Graham Robb

A heartwarming spectacle of desolation

Peat has already run out on the Aran Islands, St Kilda and Tiree. Donald S. Murray argues strongly for its conservation

In 2008, the Scottish poet Kathleen Jamie characterised the typical exponent of modern nature writing as ‘the lone enraptured male’. This was a more solemn, grown-up Basil Fotherington-Thomas, the effete schoolboy of the Molesworth books who prances about in puerile pantheistic ecstasy, saying, ‘hullo clouds, hullo sky’. Ten years on, there is barely a British landscape that has not been visited by the species. He sits in a car until he reaches the chosen spot. Then, winding down the window, stunned by emptiness and silence, he savours the momentary disconnection from global networks. The void is soon filled with childhood memories, poems learnt at school and Wikipedia articles. Wordsworthian plangency is provided by climate change or some ghastly development in the writer’s life — sickness, bereavement, midlife crisis or divorce — which leads him to consider all of Nature as a gigantic emotional support animal.

Donald Murray’s spartan trudge through peat bogs and moorland — mostly Scottish but also Irish, Dutch, German and Australian — has not a hint of Molesworth nor even of Wordsworth. Murray grew up on the almost ‘empty’ Isle of Lewis, cutting and stacking the oozing slabs of peat with his father, digging down to the layer of mòine dhubh (‘black peat’), ‘the one closest to coal both in its shade and its heat-giving properties’. With every year that passed, the black tide receded, leaving an ever bleaker landscape of gravel and rock. I was reminded of Ivor Cutler family nature walks in Life in a Scotch Sitting Room:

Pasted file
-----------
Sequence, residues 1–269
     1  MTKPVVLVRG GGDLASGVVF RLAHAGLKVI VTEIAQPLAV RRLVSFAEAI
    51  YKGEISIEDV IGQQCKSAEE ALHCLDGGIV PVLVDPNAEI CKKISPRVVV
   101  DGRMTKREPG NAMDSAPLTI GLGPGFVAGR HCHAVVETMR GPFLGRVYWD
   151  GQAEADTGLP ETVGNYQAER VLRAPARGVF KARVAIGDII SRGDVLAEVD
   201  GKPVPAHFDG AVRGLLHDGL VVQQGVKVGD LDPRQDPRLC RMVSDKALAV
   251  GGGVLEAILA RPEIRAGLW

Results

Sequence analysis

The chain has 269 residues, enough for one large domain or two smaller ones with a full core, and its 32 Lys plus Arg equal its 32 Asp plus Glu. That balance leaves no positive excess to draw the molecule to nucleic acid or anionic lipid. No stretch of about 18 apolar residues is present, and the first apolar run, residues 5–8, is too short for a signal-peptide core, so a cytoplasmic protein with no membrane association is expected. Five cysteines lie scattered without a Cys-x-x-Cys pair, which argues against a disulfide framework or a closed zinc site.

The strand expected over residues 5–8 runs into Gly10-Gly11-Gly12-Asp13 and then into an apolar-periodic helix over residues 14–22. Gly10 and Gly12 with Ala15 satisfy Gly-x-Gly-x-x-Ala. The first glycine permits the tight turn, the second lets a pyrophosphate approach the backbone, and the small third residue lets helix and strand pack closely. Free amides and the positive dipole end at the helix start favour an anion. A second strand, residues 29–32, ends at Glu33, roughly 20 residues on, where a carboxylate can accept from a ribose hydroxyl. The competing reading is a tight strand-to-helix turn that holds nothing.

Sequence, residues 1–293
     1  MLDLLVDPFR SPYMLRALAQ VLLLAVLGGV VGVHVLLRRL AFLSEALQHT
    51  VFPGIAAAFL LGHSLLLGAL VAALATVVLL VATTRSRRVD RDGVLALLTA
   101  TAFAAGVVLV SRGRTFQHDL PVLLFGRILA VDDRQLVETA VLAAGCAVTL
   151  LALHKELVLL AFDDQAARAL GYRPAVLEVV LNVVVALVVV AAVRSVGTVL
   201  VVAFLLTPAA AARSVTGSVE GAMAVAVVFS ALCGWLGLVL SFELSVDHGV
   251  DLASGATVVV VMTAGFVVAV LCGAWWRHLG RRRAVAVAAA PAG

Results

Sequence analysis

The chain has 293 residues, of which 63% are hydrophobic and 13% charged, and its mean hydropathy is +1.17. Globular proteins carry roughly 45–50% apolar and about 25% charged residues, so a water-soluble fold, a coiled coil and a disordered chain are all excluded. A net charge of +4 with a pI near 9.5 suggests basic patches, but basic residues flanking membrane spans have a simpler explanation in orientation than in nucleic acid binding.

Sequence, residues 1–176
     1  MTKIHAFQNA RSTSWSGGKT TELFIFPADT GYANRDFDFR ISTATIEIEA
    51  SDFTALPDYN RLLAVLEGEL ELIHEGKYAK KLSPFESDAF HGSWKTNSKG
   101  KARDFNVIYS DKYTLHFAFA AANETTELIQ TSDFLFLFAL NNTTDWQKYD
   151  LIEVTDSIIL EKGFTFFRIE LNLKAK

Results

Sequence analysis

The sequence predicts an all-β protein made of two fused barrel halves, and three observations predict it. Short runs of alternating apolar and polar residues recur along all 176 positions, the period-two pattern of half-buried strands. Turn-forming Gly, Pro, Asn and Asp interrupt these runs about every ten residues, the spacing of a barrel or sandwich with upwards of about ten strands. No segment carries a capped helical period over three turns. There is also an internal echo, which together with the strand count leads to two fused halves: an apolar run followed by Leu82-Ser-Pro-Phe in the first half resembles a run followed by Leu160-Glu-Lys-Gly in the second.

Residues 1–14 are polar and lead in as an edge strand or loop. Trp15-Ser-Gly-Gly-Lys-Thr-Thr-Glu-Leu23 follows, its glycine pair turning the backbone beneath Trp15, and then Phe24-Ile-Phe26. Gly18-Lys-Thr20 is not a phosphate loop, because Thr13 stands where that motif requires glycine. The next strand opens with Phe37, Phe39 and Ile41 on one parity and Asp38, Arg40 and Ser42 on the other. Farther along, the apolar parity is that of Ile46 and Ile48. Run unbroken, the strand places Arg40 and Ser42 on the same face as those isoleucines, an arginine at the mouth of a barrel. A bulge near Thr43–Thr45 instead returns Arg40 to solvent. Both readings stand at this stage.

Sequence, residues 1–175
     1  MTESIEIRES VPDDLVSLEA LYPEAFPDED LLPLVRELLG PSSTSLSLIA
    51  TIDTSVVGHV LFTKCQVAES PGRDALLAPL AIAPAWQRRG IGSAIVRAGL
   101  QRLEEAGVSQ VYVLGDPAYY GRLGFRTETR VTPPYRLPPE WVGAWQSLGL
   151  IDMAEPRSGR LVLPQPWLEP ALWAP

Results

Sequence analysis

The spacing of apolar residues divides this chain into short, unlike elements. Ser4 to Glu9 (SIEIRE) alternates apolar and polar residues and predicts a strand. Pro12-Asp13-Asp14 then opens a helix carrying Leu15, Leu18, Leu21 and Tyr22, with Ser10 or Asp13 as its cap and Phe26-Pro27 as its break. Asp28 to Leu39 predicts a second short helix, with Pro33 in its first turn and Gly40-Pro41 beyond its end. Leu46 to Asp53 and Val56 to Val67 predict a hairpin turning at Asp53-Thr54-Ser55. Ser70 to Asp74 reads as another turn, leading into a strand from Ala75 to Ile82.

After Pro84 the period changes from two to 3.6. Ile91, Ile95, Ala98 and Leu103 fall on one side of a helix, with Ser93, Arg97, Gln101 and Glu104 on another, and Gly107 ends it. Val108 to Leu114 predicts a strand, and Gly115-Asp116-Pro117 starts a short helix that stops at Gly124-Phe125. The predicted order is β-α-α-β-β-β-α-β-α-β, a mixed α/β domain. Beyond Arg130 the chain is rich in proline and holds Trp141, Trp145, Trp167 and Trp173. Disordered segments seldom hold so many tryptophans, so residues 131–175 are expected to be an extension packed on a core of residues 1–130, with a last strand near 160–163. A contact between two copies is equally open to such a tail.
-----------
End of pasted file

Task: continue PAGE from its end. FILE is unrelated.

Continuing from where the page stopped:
Then Father became instructive: ‘Look, a tree’, he would say, or ‘Look, a patch of grass’.

But on Lewis, the woods were swallowed long ago by the bog:

Sometimes there were the roots of the old trees that had once covered the island found within the peat there, burnished silver by its oil.

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